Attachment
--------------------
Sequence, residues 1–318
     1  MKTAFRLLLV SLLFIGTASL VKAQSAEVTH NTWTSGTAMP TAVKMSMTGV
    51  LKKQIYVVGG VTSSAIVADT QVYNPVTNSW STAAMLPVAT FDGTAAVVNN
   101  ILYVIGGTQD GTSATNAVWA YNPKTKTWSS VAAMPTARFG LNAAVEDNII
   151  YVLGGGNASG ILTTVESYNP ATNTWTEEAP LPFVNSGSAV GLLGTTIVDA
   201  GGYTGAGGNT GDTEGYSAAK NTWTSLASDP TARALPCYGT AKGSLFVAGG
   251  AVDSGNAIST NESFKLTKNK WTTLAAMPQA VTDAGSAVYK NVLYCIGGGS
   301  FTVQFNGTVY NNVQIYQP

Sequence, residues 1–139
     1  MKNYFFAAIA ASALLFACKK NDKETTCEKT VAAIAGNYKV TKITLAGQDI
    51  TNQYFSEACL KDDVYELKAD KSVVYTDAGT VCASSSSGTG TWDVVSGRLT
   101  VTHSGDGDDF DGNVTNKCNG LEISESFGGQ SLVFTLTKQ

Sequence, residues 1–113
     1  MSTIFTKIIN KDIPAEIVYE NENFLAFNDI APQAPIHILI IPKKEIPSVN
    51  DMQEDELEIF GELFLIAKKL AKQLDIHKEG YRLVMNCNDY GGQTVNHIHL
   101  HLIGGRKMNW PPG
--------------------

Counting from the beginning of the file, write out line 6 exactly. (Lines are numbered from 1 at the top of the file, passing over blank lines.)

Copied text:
   201  GGYTGAGGNT GDTEGYSAAK NTWTSLASDP TARALPCYGT AKGSLFVAGG